In October of 1943 in a small fishing village on the Northeast coast of Denmark, Anett’s family is hiding Danish Jews in their cellar who are on their way to safety in neutral Sweden. Anett is familiar with the routine: she knows she needs to bring them food; she knows which shopkeepers are sympathetic and will give her extra meat and eggs so her family can feed their “guests.” When Nazi soldiers threaten the safety of Anett’s new friend Carl, she devises a way to guide Carl and his mother to the harbor. As Carl and his mother walk through the town on the dark moonless night, villagers whisper directions to them from doorways and windows, guiding them to the harbor and the small boat that will take them to Sweden.
The story of Danish villagers rescuing Jews is a well-known one. Villages up and down the coast were stopping points for the 7500 Jews fleeing the country. The small port of Gilleleje, where this story takes place, was one of the major ports, and many of the village boats were pressed into service to help ferry 1700 Danish Jews across the 15-mile stretch of water from Gilleleje to safety in Sweden.
In the same way that artist Roberto Innocenti uses visual distancing techniques to create emotional distance between the child reader and his Holocaust narratives (Meyer, 2009), Italian artist Fabio Santomauro uses a graphic minimalist style to effectively communicate the danger and tension of the rescue without focusing on the visceral fear of being hunted and fearing capture. The colors are digitally rendered in a reduced darker palette, conveying the furtive nature of the actions of Anett, her parents, and the other villagers. The occasional splash of red keeps the illustrations vivid and communicates the danger of hiding Jews from the Nazis. The minimalist style also gives the illustrator the chance to add facial expressions that communicate fear and friendship without overwhelming the young reader.
What also soften the story are the sparse words; the whispering is rendered in speech bubbles. American author Jennifer Elvgren chose to tell the story from the third-person perspective of a young girl — the human connection Anett makes with Carl reflects a child’s thinking. Anett not only realizes Carl and his mother need food, but she also recognizes that Carl could use some diversion and that perhaps he might want to read some of her favorite books while he waits several days in the cellar. Touched by Anett’s empathetic connection, Carl gives her one of his most precious possessions when he leaves, a heart-shaped stone he found on his last walk on the beach with his father (who is absent from the story).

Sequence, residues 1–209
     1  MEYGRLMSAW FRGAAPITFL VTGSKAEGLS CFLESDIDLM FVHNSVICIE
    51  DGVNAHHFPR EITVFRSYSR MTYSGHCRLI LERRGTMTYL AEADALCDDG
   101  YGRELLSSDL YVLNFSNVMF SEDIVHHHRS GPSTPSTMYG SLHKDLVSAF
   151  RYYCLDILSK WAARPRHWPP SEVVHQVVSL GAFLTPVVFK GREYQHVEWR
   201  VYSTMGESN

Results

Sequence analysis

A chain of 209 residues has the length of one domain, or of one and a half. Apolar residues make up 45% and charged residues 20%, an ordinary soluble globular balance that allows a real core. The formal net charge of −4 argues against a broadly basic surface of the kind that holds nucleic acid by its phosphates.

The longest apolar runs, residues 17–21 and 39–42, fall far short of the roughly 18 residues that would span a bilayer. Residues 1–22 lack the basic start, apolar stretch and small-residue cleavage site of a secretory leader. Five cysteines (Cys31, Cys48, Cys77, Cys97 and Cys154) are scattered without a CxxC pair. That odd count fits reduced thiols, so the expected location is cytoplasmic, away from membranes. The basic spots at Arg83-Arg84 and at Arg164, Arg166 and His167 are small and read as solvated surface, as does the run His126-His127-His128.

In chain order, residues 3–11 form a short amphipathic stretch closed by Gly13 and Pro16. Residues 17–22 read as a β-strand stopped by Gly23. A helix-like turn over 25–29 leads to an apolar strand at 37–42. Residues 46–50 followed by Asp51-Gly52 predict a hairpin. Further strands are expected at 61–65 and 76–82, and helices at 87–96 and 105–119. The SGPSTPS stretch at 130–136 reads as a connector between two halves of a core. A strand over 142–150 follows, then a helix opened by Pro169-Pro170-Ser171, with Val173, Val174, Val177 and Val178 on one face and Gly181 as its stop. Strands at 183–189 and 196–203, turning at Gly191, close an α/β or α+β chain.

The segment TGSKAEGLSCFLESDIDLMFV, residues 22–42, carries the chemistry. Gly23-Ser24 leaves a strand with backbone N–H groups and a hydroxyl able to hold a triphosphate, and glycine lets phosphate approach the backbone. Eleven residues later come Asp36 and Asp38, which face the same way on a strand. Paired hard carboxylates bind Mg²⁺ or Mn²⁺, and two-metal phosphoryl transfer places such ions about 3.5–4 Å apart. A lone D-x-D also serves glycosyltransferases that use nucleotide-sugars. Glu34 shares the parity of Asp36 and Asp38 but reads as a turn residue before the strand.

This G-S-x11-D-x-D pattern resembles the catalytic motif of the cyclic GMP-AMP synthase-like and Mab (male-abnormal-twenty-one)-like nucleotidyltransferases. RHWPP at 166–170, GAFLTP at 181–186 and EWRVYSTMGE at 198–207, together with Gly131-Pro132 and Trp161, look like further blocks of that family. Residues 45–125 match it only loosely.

The story is amazing because it shows readers that there were countries who worked tirelessly and collectively to save their citizens from harm. The collective action of Anett, her parents, the baker, the librarian and the farmer, mirrors the collective action the Danes took in WWII. The book encourages young people to think about taking action themselves. The story is relevant today, given current world controversies surrounding opening or closing doors to refugees who are fleeing for their lives. Great books to pair with The Whispering Town include Number the Stars by Lois Lowry (1989), The Boys Who Challenged Hitler: Knud Pedersen and the Churchill Club by Phillip Hoose (2015), Shadow on the Mountain by Margi Preus (2014); The Greatest Skating Race: A World War II Story from the Netherlands by Louise Borden and Niki Daly (2004), and The Boy Who Dared by Susan Campbell Bartoletti (2008).
Jennifer Elvgren is an award-winning American author who transitioned to writing books after a successful career as a journalist and short story writer for magazines. She lives on the East Coast with her husband and children. She wanted to write a book about the Holocaust for young readers, and believes that Holocaust stories for young children should focus on the helpers (like Anett and her family).
Fabio Santomauro is an Italian illustrator living in Rome. He developed his clean graphic style studying animation for cinema. He aims for breadth in his creative expression, so he experiments with many styles he features on a blog. He is also a juggler and a musician! Interviews with author and illustrator can be found here.
Susan Corapi, Trinity International University, Deerfield, IL
WOW Review, Volume IX, Issue 1 by Worlds of Words is licensed under a Creative Commons Attribution-NonCommercial-ShareAlike 4.0 International License. Based on work at https://wowlit.org/on-line-publications/review/ix-1/